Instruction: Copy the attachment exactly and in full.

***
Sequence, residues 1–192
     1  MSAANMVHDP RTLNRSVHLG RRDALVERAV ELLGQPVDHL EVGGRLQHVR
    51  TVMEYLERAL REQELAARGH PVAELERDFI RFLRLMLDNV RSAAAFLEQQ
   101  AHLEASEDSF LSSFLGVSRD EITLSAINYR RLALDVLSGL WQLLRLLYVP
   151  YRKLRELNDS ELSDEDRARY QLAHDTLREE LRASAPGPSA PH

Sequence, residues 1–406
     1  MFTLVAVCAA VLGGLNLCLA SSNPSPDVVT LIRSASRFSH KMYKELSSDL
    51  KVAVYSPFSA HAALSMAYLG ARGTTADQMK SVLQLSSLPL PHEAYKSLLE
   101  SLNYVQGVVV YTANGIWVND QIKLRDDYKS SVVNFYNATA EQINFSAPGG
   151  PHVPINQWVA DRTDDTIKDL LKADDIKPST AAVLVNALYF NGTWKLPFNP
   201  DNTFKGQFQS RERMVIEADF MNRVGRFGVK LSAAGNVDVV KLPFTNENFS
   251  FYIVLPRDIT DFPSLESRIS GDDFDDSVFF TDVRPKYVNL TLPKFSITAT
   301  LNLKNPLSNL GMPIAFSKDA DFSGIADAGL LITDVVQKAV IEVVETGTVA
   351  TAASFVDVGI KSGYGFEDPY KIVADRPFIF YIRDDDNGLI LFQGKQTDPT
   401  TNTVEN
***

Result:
Sequence, residues 1–192
     1  MSAANMVHDP RTLNRSVHLG RRDALVERAV ELLGQPVDHL EVGGRLQHVR
    51  TVMEYLERAL REQELAARGH PVAELERDFI RFLRLMLDNV RSAAAFLEQQ
   101  AHLEASEDSF LSSFLGVSRD EITLSAINYR RLALDVLSGL WQLLRLLYVP
   151  YRKLRELNDS ELSDEDRARY QLAHDTLREE LRASAPGPSA PH

Sequence, residues 1–406
     1  MFTLVAVCAA VLGGLNLCLA SSNPSPDVVT LIRSASRFSH KMYKELSSDL
    51  KVAVYSPFSA HAALSMAYLG ARGTTADQMK SVLQLSSLPL PHEAYKSLLE
   101  SLNYVQGVVV YTANGIWVND QIKLRDDYKS SVVNFYNATA EQINFSAPGG
   151  PHVPINQWVA DRTDDTIKDL LKADDIKPST AAVLVNALYF NGTWKLPFNP
   201  DNTFKGQFQS RERMVIEADF MNRVGRFGVK LSAAGNVDVV KLPFTNENFS
   251  FYIVLPRDIT DFPSLESRIS GDDFDDSVFF TDVRPKYVNL TLPKFSITAT
   301  LNLKNPLSNL GMPIAFSKDA DFSGIADAGL LITDVVQKAV IEVVETGTVA
   351  TAASFVDVGI KSGYGFEDPY KIVADRPFIF YIRDDDNGLI LFQGKQTDPT
   401  TNTVEN